Alter Ego #36 May 2004 (magazine review).

I must confess, when I saw the cover of Alter Ego #36, I fully expected an interview with Joe Simon. Turns out, there isn’t one. Instead, we’re treated to an unused piece by Simon about his 1939 meeting with Carl Burgos, the chap who created and drew the original Human Torch. Simon also delves into his collaborations with Jack Kirby on Captain America and discusses the flop that was their Fighting American, all explored in a second article by Carol Kalish.

The latter failure I can attribute to the overly intricate costume design—honestly, who wants to draw that with a ruler in hand? The rest of the issue is a mixed bag, featuring an interview by Jim Amash with cartoonist Elmer Wexler (1918-2007) and a second part of Bill Schelly’s chat with South African writer John Wright.

In the Fawcett column, artist CC Beck weighs in on the challenges of naming a ‘hero’ and the problems of introducing heroines. Oddly, I recall a few years back there were plans in the US for a TV series called ‘Heroine’ with Eliza Dusku slated as the star. I don’t know if it was just my online ramblings, but I pointed out the title sounded like an illegal drug, and lo and behold, the title—and the series—were scrapped.

Flip the issue and you’ll find an exploration of early Canadian comic books. The Canadian scene really blossomed during WW2 when American comics were persona non grata. If you could draw passably and keep up with continuity, you were in! Many a teenager got their big break. Later, writer John Bell notes, Canada had its own Wertham movement, this time focusing not on horror but on crime comic violence, leading to the Fulton Act. Get this issue for a fascinating read; it’s a cautionary tale of how just one scandal can break an industry. And by 1955, when American comics made their return, the Canadian comic industry had evaporated.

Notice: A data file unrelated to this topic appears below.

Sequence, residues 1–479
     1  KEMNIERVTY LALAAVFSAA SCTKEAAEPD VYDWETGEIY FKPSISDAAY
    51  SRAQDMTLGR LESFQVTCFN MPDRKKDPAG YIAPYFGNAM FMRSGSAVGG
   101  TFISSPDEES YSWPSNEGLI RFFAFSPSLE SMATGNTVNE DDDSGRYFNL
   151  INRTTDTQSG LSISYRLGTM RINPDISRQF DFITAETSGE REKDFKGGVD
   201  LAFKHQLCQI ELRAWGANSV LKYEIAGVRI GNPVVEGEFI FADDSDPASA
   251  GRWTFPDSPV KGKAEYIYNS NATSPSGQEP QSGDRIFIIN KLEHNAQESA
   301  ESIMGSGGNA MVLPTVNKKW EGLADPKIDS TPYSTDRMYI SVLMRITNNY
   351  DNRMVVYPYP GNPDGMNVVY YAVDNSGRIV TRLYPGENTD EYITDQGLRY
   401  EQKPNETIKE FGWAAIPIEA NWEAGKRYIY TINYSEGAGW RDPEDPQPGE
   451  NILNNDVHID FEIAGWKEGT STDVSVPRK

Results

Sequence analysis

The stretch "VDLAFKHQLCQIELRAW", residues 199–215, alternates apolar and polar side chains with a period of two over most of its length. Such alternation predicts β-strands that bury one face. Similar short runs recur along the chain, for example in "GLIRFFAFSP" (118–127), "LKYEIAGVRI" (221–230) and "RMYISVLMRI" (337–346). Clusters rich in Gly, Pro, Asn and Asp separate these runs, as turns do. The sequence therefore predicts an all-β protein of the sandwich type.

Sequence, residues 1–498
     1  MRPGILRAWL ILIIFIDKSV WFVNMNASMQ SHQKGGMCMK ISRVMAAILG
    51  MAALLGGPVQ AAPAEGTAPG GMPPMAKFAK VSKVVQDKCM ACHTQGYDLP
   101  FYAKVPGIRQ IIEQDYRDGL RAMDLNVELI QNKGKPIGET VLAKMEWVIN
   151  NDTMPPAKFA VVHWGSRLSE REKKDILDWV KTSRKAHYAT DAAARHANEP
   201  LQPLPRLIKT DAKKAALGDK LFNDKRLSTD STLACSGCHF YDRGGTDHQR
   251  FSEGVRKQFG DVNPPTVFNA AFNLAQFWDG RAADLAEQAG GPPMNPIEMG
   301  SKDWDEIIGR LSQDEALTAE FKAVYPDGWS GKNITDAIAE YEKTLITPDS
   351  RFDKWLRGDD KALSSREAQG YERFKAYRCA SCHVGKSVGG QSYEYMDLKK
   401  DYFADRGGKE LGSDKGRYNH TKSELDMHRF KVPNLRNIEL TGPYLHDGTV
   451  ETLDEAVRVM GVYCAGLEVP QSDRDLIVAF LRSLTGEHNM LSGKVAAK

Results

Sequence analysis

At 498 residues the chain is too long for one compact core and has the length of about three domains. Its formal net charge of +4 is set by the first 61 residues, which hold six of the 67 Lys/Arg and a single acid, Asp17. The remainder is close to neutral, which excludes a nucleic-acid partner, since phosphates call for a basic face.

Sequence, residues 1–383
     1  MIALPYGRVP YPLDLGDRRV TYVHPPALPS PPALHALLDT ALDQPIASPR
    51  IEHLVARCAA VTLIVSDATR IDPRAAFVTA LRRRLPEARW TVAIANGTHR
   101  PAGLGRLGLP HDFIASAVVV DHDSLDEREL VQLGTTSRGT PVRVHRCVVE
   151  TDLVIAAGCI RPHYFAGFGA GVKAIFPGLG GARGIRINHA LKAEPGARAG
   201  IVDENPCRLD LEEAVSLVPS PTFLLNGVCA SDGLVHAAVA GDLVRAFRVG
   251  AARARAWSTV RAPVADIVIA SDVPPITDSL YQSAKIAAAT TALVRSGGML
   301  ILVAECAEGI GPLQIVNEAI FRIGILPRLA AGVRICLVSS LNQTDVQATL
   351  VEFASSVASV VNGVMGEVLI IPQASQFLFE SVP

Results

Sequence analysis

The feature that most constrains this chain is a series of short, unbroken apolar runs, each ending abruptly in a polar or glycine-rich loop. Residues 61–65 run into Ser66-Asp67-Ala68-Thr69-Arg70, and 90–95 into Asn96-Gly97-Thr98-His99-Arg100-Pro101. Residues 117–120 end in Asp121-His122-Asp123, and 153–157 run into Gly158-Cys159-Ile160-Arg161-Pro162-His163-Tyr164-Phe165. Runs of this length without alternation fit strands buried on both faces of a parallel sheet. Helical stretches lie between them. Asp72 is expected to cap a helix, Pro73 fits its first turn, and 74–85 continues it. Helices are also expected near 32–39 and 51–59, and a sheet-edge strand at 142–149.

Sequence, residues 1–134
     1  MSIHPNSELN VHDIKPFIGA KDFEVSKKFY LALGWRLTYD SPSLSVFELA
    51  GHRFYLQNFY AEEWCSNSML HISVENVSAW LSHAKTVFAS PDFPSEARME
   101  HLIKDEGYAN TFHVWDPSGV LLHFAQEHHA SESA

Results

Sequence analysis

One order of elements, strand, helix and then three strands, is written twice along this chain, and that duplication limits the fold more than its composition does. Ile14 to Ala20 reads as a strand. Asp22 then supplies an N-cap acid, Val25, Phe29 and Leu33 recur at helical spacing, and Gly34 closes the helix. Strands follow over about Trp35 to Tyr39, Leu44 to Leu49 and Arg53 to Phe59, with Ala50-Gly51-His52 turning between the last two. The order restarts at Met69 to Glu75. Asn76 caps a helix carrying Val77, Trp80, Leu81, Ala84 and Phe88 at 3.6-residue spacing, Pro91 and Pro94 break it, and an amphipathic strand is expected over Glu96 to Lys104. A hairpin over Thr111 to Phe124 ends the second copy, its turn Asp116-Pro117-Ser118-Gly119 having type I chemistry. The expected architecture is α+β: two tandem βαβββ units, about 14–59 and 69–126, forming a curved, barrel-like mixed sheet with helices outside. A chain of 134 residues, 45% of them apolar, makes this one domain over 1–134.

The issue also features a reprint of an interview with comic book artist/illustrator Adrian Dingle (1911-1974) and his wife, offering an insider’s view of the Canadian comic book scene. Dave Sim then interviews artist/writer/painter Jerry Lazare (1927-2021), who astutely observes that swiping takes longer than original drawing.

To cap it off, Michael T. Gilbert’s Mr. Monster piece is, appropriately enough, about the original Mr. Monster—formerly known as Doc. Stearne. Created by Canadian Fred Kelly, Stearne later adopted the ‘Mr. Monster’ title for a few issues, although neither iteration looks particularly monstrous.

All in all, there’s much to uncover in early TwoMorrows publications, and this issue of ‘Alter Ego’ is no exception. I now feel somewhat acquainted with Canadian comic books, and you might too if you give it a read.

GF Willmetts

September 2023

(pub: TwoMorrows Publishing.  page illustrated magazine. Price: $10.95 (US). ISSN: 1932-6890. Direct from them, you can get it digitally for $ 4.99 (US))

check out websites: www.TwoMorrows.com and https://twomorrows.com/index.php?main_page=product_info&cPath=98_55&products_id=472


Geoff Willmetts has been editor at SFCrowsnest for some 21 plus years now, showing a versatility and knowledge in not only Science Fiction, but also the sciences and arts, all of which has been displayed here through editorials, reviews, articles and stories. With the latter, he has been running a short story series under the title of ‘Psi-Kicks’ If you want to contribute to SFCrowsnest, read the guidelines and show him what you can do. If it isn’t usable, he spends as much time telling you what the problems is as he would with material he accepts. This is largely how he got called an Uncle, as in Dutch Uncle. He’s not actually Dutch but hails from the west country in the UK.

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